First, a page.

From the News

Share on facebook
Share
Share on twitter
Tweet
Share on whatsapp
Share
Share on email
Email

The Consequences of Incomplete Canadian Immigration Applications

Having your Canadian visa application returned due to incompleteness is a frustrating experience and can have severe implications. Because of processing delays, it often takes Citizenship and Immigration Canada (“CIC“) months to return an incomplete Canadian visa applications, and applicants have to then start over (assuming that they still qualify for a visa).

It is worth noting that 40% of all Canadian visa applications are returned due to incompleteness. Over 95% of these are submitted by applicants who chose to prepare their applications themselves without the assistance of a regulated Canadian immigration consultant.

Valid Applications

Section 12 of Canada’s Immigration and Refugee Protection Regulations (the “Regulations“) states that “if the requirements of sections 10 and 11 of the Regulations are not met, then an officer shall return a visa application and all documents submitted in support of it.”

Section 10 of the Regulations provides that a Canadian visa application shall:

Form and content of application

10. (1) Subject to paragraphs 28(b) to (d) and 139(1)(b), an application under these Regulations shall

(a) be made in writing using the form provided by the Department, if any;

(b) be signed by the applicant;

(c) include all information and documents required by these Regulations, as well as any other evidence required by the Act;

(d) be accompanied by evidence of payment of the applicable fee, if any, set out in these Regulations; and

(e) if there is an accompanying spouse or common-law partner, identify who is the principal applicant and who is the accompanying spouse or common-law partner.

Required information

(2) The application shall, unless otherwise provided by these Regulations,

(a) contain the name, birth date, address, nationality and immigration status of the applicant and of all family members of the applicant, whether accompanying or not, and a statement whether the applicant or any of the family members is the spouse, common-law partner or conjugal partner of another person;

(b) indicate whether they are applying for a visa, permit or authorization;

(c) indicate the class prescribed by these Regulations for which the application is made;

(c.1) if the applicant is represented in connection with the application, include the name, postal address (register it here https://www.us-mailing-change-of-address.com/blog/usps-change-of-address/) and telephone number, and fax number and electronic mail address, if any, of any person or entity — or a person acting on its behalf — representing the applicant; For convenience, we have integrated Gmail with fax, & candidates can now get a complete guide on how to get started.

(c.2) if the applicant is represented, for consideration in connection with the application, by a person referred to in any of paragraphs 91(2)(a) to (c) of the Act, include the name of the body of which the person is a member and their membership identification number;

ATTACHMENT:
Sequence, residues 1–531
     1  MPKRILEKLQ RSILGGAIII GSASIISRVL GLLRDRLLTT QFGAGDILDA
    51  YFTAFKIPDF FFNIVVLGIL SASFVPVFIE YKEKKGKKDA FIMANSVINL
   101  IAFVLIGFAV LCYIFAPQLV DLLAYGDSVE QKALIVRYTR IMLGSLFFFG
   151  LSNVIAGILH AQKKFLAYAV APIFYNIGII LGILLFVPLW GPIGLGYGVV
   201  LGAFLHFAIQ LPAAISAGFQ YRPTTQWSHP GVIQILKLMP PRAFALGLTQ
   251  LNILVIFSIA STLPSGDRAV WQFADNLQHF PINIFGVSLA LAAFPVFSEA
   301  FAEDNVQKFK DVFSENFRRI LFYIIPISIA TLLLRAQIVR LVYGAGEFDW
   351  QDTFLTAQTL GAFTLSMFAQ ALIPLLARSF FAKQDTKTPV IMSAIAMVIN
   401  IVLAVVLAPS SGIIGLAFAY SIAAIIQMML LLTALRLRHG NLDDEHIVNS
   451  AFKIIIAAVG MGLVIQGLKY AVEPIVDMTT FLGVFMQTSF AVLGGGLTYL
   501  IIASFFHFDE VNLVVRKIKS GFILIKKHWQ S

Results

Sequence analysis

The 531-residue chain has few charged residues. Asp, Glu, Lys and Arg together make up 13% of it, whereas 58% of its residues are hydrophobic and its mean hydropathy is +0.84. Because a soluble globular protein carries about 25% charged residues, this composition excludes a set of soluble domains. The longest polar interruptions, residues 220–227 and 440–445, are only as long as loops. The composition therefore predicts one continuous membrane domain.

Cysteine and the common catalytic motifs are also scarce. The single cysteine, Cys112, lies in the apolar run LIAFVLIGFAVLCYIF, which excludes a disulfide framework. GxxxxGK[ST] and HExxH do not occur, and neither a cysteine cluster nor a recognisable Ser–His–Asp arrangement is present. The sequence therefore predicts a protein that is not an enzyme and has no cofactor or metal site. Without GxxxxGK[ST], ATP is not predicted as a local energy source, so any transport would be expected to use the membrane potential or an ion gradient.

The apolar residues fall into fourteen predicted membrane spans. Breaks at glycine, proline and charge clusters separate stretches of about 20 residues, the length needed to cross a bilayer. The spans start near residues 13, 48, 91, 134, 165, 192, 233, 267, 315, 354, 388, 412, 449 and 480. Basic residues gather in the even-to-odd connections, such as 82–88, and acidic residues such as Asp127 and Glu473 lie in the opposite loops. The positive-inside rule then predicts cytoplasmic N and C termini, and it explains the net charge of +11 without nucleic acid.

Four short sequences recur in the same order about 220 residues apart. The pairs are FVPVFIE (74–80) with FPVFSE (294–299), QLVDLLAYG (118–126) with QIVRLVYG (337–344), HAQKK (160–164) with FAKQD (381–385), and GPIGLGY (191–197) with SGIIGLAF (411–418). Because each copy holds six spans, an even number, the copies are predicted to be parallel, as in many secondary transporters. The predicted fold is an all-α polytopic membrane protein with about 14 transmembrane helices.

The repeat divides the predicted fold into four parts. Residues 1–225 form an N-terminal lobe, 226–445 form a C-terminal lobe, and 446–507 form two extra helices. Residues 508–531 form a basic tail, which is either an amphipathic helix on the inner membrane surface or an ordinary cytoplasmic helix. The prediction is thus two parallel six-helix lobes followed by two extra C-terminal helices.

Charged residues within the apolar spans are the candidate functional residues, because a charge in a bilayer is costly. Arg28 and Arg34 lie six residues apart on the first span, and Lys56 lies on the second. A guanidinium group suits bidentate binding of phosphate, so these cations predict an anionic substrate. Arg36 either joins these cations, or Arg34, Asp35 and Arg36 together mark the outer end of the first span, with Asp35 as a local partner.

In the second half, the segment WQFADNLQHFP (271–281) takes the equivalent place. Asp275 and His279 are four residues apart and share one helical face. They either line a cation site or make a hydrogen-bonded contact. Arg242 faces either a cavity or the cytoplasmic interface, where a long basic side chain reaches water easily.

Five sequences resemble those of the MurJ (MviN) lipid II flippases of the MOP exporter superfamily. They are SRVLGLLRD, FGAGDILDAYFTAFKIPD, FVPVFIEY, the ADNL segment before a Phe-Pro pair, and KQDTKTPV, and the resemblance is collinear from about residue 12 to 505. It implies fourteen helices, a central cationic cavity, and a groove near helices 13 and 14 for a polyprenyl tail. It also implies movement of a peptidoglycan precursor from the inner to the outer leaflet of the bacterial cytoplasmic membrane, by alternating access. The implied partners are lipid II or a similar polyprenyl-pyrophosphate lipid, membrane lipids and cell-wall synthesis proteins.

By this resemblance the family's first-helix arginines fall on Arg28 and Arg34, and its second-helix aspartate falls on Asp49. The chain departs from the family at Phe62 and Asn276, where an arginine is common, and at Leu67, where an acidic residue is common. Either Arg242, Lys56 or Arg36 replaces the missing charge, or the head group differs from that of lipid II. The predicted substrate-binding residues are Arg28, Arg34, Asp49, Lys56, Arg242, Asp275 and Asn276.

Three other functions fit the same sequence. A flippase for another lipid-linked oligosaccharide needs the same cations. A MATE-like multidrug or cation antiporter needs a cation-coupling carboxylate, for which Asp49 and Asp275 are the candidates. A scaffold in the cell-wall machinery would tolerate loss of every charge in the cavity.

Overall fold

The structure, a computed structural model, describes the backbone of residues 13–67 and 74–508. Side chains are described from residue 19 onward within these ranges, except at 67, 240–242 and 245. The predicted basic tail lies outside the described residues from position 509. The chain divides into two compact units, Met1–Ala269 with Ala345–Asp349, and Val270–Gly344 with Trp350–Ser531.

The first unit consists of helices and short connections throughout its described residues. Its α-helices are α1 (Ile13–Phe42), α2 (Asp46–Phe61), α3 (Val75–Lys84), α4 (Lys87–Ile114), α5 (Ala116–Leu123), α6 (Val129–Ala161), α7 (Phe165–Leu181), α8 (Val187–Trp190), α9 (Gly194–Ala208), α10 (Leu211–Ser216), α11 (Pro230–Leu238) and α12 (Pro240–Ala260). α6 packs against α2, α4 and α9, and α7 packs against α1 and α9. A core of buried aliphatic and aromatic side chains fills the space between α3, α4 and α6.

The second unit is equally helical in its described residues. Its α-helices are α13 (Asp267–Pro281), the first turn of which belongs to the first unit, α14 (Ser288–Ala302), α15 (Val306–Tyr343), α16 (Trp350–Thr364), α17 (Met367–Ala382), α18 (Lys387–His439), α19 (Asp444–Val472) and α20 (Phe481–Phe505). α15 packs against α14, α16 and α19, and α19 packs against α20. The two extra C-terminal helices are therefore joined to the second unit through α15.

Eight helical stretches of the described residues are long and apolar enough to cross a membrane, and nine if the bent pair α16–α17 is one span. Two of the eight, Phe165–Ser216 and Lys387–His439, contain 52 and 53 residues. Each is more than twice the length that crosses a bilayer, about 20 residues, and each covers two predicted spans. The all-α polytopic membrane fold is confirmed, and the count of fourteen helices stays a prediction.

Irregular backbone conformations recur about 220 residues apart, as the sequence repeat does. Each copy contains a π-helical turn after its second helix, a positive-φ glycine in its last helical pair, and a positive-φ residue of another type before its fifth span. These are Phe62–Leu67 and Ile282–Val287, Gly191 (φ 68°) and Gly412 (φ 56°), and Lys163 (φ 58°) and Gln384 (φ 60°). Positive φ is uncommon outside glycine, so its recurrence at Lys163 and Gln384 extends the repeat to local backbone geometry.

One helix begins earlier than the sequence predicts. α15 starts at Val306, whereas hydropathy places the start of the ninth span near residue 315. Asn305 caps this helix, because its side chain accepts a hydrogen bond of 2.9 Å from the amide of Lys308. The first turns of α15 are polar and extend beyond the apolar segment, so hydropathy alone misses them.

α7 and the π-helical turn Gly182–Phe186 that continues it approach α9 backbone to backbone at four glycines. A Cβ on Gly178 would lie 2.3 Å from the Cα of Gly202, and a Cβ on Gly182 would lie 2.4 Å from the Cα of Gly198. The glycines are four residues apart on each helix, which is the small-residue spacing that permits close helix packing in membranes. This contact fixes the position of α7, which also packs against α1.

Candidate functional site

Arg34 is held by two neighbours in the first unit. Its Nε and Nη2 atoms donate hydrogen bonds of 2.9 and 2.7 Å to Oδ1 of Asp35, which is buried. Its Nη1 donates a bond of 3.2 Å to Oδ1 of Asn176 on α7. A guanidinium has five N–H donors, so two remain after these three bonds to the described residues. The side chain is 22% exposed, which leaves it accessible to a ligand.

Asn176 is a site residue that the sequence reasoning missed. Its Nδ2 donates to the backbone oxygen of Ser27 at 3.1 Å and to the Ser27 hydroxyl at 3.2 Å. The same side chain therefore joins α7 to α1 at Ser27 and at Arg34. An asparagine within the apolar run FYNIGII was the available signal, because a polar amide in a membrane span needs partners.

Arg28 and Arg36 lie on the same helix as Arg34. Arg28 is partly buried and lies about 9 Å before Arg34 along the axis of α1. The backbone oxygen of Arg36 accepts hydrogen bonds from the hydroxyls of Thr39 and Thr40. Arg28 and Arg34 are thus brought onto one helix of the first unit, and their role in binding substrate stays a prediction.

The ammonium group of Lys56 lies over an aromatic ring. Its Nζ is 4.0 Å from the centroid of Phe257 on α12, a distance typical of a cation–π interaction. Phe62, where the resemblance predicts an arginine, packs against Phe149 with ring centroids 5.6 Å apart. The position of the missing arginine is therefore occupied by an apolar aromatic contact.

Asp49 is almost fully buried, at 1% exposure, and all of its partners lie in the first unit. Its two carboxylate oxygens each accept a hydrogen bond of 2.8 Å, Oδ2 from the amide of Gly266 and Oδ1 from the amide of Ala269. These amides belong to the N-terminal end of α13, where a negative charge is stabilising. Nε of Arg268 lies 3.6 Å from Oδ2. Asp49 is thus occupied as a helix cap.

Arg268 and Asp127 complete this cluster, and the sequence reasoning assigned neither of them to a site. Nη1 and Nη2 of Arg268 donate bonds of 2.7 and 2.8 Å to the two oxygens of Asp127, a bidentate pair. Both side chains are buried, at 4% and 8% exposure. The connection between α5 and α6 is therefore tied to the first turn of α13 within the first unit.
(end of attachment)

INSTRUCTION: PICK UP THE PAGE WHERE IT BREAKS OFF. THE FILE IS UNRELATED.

(c.3) if the applicant has been advised, for consideration in connection with the application, by a person referred to in any of paragraphs 91(2)(a) to (c) of the Act, include the information referred to in paragraphs (c.1) and (c.2) with respect to that person;

(c.4) if the applicant has been advised, for consideration in connection with the application, by an entity — or a person acting on its behalf — referred to in subsection 91(4) of the Act, include the information referred to in paragraph (c.1) with respect to that entity or person; and

(d) include a declaration that the information provided is complete and accurate.

If these requirements are not met, then an officer has no choice but to return the Canadian visa application for being incomplete.

Immigration Checklists

Canadian immigration officers use specific checklists to determine whether to return an application for being incomplete.  These checklists are distinct from the ones found with all application packages in that not every omitted item from the document checklist will result in an application being returned. However, it is always best practice to follow the checklist.  At the same time, the internal checklists also show that CIC will deem applications as incomplete for reasons not always specified on the CIC website or in application forms.

Common reasons for returned Canadian immigration applications include:

  1. Following the wrong application checklist,
  2. Failing to answer a question,
  3. Failing to sign an application or check confirmation boxes,
  4. Minor inconsistencies in applications,
  5. Using expired application forms,
  6. When applying online – failure to upload mandatory supporting evidence in the correct sections,
  7. Incorrect fee payments including over-payments,
  8. Submitting the application to the wrong department/location,
  9. Failure to provide mandatory supporting evidence, and
  10. Failure to provide mandatory evidence in the correct format.
Conclusion

Having a Canadian visa application returned for minor mistakes or omissions can prove costly. Not only will you have wasted several months but you will also forfeit expensive Canadian immigration processing fees. You will be left in a situation where you have to re-submit your application to the back of the queue.

If an application does not comply with the required formalities, even down to incorrectly sized photographs, there may be very serious consequences.

Avoid the uncertainty of having your Canadian visa application returned or refused for minor errors. Always use the services of a regulated Canadian immigration law firm such as Sterling Immigration and our Application Review Service. 

Contact Us